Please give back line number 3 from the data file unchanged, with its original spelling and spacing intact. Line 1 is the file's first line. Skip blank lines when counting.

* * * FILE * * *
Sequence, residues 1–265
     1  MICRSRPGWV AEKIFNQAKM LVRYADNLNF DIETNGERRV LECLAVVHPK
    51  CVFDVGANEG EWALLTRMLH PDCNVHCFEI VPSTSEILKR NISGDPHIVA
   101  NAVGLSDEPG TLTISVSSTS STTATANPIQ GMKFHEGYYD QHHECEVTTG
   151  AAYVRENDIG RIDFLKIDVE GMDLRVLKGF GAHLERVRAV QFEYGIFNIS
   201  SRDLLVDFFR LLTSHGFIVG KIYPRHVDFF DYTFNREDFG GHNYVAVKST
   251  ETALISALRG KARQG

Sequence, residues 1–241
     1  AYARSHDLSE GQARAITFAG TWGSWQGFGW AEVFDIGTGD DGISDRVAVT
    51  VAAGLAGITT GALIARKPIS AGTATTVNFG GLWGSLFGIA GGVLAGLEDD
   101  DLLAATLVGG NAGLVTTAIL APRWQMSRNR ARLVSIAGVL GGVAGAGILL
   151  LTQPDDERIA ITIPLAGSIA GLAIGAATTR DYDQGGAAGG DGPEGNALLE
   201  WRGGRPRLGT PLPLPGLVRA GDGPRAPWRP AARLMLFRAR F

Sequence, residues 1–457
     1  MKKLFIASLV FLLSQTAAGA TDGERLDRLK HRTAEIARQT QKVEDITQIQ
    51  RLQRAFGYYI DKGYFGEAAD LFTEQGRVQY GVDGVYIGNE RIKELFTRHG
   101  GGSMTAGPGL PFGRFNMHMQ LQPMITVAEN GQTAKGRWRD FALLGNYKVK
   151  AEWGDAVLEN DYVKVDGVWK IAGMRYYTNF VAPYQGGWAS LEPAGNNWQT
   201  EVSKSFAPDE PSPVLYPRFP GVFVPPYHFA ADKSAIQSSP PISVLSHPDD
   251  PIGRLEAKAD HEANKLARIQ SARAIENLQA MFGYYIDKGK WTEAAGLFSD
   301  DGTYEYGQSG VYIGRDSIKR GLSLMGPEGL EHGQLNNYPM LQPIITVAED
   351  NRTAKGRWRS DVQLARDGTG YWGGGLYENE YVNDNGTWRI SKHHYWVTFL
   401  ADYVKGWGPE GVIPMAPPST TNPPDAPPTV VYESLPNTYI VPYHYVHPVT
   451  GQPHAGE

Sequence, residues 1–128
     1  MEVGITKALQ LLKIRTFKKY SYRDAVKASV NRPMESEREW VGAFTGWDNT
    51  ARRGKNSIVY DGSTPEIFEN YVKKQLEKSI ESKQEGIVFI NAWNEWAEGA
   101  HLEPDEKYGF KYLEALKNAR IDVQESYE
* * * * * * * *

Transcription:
    51  CVFDVGANEG EWALLTRMLH PDCNVHCFEI VPSTSEILKR NISGDPHIVA